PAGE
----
Abstract 1168: Transient Systemic Hypoxia without Ischemic Injury Mobilizes Endothelial Progenitor Cells in Human Peripheral Blood
Background: Systemic hypoxia has been shown to increase capillary density in brain or myocardium in animal models, which suggests hypoxia-induced neovasculogenesis. However, there is no evidence that systemic hypoxia without ischemic injury mobilizes endothelial progenitor cells (EPCs). In the present study, we investigated whether systemic hypoxia recruits EPCs into human peripheral blood.
Methods and results: Twelve healthy volunteers who were undergoing an aircrew training course were subjected to hypoxic hypoxia in the hypobaric chamber under monitoring of electrocardiogram, blood pressure, oxygen saturation and mental status. Hypoxic hypoxia equal to the altitude of 15,000 feet (4,572m, estimated PaO2: 45 mmHg, measured O2 saturation was 80 ± 4%) was induced and maintained for 30 minutes. Blood samples were obtained at predetermined time points: pre-exposure and post-exposure 6hr. Levels of VEGF, IL-8, MCP-1, SDF-1, G-CSF and EPO were measured using ELISA to evaluate the level of EPC mobilizers in response to hypoxia. Number of EPCs (AC133+ or CD34+/KDR+) in the peripheral blood was quantified using flow cytometry. We performed EPC culture and compared the size and number of the EPC colonies. We found that the levels of VEGF were significantly increased 6 h after hypoxia exposure (VEGF: 257.2 ± 43.5 to 360.9 ± 59.1 pg/mL, p = 0.034). IL-8, however, decreased (32.0 ± 8.0 to 21.9 ± 7.6, p = 0.028) whereas the levels of MCP-1, SDF-1, G-CSF and EPO were not changed (p > 0.05). The number of AC133+ or KDR+/CD34+ cells increased significantly 6h after hypoxia (AC133+ cells: 0.17 ± 0.04 to 0.30 ± 0.06%, p = 0.045; KDR+/CD34+ cells: 0.078 ± 0.014 to 0.182 ± 0.041%, p = 0.015). In addition, the size and number of EPCs colonies were also increase after exposure to hypoxia (colony count: 10.7 ± 1.7 at pre-exposure to 15.8 ± 1.8 at 6 h, p = 0.003).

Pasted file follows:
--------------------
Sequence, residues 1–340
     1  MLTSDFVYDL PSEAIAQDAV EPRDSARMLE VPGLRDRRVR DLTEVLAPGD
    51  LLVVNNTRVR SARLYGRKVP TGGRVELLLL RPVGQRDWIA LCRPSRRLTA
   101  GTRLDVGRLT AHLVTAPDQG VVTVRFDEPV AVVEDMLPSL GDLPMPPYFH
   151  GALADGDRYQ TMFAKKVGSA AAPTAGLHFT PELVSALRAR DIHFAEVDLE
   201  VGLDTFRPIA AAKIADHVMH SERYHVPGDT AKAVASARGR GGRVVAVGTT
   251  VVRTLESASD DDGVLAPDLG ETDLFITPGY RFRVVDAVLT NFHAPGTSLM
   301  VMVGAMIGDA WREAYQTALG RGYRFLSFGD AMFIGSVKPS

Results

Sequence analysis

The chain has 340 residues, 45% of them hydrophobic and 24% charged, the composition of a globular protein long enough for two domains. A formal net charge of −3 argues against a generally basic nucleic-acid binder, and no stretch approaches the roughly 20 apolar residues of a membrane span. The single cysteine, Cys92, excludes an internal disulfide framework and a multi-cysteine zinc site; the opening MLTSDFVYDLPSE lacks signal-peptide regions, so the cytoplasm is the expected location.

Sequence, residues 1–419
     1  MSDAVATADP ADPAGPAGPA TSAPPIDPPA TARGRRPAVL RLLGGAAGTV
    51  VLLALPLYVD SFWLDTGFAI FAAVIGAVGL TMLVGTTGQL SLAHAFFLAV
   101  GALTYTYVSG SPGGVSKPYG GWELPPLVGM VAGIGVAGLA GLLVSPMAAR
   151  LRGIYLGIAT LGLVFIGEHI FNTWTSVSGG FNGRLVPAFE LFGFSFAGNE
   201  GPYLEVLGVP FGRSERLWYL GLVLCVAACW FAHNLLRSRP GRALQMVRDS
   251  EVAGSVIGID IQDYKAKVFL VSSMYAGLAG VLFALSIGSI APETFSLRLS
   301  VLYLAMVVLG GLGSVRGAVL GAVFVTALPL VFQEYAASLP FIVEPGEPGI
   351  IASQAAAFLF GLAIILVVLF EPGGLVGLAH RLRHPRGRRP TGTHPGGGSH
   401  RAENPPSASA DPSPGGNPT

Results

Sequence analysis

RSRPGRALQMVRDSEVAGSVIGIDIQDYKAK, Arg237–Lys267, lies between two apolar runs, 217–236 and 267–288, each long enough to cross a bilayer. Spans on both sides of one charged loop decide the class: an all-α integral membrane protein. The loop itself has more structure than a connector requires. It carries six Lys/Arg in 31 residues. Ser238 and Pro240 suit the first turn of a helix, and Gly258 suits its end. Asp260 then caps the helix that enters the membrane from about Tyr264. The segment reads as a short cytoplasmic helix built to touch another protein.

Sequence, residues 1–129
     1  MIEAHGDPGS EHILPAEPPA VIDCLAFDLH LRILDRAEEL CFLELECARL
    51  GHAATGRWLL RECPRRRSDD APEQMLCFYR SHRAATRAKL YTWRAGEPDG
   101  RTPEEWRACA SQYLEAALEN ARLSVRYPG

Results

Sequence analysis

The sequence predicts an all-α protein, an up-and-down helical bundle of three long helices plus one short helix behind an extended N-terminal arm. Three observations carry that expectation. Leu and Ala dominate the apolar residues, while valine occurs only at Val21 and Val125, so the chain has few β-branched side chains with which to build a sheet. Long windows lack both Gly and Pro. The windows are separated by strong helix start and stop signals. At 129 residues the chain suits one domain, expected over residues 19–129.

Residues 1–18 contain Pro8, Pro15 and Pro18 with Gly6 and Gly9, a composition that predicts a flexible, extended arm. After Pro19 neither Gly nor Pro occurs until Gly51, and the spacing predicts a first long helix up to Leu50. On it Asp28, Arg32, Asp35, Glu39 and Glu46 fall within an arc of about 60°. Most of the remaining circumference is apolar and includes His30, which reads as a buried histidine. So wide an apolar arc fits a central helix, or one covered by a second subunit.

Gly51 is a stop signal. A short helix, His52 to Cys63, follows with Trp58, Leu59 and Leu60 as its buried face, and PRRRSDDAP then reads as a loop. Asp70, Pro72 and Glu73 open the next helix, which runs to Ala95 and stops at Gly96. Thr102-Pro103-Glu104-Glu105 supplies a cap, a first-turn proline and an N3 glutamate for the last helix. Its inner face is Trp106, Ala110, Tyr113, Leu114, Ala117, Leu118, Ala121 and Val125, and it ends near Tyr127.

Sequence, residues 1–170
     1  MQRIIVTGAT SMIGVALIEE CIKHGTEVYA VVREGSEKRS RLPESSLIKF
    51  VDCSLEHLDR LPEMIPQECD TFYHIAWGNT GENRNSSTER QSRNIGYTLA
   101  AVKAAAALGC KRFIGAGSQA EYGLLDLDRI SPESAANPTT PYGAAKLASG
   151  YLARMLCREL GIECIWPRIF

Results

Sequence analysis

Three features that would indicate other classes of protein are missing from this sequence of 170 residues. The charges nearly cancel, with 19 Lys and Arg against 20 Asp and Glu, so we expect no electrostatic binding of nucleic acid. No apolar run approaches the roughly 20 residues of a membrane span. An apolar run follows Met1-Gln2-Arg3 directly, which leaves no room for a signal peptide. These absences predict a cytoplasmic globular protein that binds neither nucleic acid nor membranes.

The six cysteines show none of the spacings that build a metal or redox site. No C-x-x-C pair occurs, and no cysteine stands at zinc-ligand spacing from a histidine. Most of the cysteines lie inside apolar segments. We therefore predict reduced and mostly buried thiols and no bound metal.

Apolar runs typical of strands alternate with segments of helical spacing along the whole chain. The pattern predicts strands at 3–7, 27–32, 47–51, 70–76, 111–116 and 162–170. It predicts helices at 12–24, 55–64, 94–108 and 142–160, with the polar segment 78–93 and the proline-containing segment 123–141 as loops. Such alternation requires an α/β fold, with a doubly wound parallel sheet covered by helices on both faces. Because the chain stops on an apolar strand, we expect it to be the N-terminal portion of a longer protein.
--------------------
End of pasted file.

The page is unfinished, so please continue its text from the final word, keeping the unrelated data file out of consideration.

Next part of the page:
Conclusion: EPCs were acutely mobilized in the human peripheral blood after systemic hypoxia. The mobilization of EPCs may be a physiologic response to hypoxia which possibly contributes to hypoxia-induced neovasculogenesis for hypoxia adaptation